Clare Balding has refused to cover men’s football because she believes it is “toxic” to female hosts.


Clare Balding has refused to cover men’s football because she believes it is “toxic” to female hosts.

According to newly discovered testimonies, CLARE BALDING refuses to present for men’s football since it is “poison” for female hosts.

The Tokyo Olympics are started, and the BBC has enlisted the help of some of the country’s biggest personalities in athletics, cycling, swimming, and other sports to cover the event. Former gold medalists Chris Hoy, Rebecca Adlington, and Jessica Ennis-Hill will all be featured prominently in the coverage as the British hope to repeat their success from this year’s Olympics. Many people believe Team GB can thrive in football as well, and Arsenal veteran Alex Scott, who has provided analysis for the Premier League and Euro 2020 in recent months, is due to do so again.

Clare Balding, a long-serving BBC presenter who has overseen coverage of a variety of sports, will also have a key role.

Balding, on the other hand, has previously remarked that working on men’s football events is “poison” for female hosts.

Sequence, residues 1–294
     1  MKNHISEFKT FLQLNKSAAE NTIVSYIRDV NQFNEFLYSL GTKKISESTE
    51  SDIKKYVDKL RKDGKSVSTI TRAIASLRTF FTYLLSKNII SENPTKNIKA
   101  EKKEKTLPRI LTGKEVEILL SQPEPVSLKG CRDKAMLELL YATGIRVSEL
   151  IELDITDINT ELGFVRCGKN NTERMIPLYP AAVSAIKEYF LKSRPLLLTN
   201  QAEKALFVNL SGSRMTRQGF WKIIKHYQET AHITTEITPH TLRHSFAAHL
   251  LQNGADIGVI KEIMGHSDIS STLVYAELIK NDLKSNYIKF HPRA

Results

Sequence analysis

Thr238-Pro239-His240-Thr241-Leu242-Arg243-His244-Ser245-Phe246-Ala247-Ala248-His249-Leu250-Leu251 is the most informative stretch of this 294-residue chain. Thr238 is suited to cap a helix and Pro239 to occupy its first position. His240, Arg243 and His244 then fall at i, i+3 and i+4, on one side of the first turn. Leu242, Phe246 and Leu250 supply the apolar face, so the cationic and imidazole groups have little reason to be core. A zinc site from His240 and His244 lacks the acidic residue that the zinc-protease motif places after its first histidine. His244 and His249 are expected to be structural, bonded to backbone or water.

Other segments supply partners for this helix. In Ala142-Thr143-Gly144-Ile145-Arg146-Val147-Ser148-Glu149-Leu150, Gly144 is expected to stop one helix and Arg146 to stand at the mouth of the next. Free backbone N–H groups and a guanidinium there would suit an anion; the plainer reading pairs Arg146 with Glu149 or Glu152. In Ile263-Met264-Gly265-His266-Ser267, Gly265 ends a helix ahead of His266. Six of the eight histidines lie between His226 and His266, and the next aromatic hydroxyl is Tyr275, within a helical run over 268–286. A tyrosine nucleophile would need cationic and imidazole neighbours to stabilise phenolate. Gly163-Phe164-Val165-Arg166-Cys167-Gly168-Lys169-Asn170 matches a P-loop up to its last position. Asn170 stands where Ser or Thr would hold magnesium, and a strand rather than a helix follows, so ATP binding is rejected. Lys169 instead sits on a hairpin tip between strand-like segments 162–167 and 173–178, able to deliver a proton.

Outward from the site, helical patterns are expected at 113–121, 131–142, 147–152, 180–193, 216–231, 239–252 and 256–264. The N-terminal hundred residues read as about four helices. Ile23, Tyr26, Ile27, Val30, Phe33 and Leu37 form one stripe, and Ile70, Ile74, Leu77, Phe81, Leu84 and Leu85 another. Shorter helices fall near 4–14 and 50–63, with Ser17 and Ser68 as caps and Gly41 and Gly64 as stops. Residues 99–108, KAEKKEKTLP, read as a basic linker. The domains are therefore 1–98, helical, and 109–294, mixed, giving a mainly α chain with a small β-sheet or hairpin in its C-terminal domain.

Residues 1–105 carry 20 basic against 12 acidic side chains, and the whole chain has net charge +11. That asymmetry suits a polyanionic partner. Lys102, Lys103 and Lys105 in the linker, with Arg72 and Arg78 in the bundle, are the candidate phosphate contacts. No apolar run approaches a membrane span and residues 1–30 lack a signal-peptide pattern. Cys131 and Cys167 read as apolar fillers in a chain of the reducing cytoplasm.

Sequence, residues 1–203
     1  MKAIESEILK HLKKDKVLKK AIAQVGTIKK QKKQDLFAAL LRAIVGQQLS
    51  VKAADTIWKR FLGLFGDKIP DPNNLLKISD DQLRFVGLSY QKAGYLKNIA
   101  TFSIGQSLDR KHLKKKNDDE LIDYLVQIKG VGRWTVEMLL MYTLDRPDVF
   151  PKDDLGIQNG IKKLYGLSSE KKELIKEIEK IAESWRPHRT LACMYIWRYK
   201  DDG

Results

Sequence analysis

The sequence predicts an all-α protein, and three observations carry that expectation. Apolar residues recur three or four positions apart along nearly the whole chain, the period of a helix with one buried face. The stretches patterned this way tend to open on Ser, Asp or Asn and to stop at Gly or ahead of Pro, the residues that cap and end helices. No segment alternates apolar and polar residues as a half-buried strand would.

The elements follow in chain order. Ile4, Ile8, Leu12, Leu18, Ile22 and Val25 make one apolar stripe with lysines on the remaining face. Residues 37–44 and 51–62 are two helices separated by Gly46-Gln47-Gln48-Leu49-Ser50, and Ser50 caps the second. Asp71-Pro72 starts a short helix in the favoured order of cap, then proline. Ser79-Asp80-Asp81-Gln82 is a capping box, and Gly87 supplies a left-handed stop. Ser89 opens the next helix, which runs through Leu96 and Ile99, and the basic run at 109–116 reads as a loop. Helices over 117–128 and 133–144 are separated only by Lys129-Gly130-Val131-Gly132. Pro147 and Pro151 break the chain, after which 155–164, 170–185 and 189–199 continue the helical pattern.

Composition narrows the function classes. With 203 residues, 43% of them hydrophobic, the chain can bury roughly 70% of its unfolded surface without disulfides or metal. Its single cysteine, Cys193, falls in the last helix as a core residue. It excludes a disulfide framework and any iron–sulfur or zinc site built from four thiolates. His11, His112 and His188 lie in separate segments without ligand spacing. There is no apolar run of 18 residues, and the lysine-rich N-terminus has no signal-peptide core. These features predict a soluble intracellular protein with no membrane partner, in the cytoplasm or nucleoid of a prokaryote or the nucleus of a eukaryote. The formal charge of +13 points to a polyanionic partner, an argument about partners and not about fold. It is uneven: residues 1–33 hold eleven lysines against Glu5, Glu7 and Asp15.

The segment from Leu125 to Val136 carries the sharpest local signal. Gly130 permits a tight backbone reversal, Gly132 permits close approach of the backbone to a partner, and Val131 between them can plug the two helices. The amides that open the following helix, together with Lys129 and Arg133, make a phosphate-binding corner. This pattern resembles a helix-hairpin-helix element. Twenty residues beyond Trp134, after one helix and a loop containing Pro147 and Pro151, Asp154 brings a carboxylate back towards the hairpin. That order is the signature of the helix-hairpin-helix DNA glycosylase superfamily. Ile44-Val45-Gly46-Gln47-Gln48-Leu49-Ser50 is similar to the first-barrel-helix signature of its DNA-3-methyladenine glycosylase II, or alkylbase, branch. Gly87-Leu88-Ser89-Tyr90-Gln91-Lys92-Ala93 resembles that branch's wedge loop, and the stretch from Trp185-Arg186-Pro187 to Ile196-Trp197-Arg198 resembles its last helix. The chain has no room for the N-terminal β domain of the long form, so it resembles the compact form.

In November 2020, the BBC veteran claimed that when female announcers provide their comments on male matches, they are subjected to “vile abuse,” which she blames on “the worst of tribal behavior.”

“Any woman who appears on a football programme as an expert or as a presenter will be subjected to such nasty hatred on social media,” she stated.

When Alex Scott joined the BBC team for football coverage, Balding told the Creative Forum, “it was: ‘We have one woman, we can’t have two.'”

“You’re competing with another woman for that one chance,” she added.

In recent years, broadcasters have worked to diversify their lineups, with more female pundits and commentators appearing on Sky Sports, BT Sport, and the BBC’s coverage.

Back in 2019, Balding criticized the “disrespectful” absence of media attention for women’s sport.

“It’s a fairly rare thing to see coverage of women’s sport in TV and in most newspapers,” she told the Sunday Post at the time.

“I believe that is impolite. It also misses out on a potential audience and readership that isn’t being catered to.

Wear some official Team Great Britain clothing from Adidas to see Great Britain give it their all at the Tokyo Olympics.

“Female athletes are really approachable. Consider Dina Asher-Smith, who is highly articulate and recognizes that marketing her sport is an important aspect of her work.

“Women’s sports.” Brinkwire Summary News.


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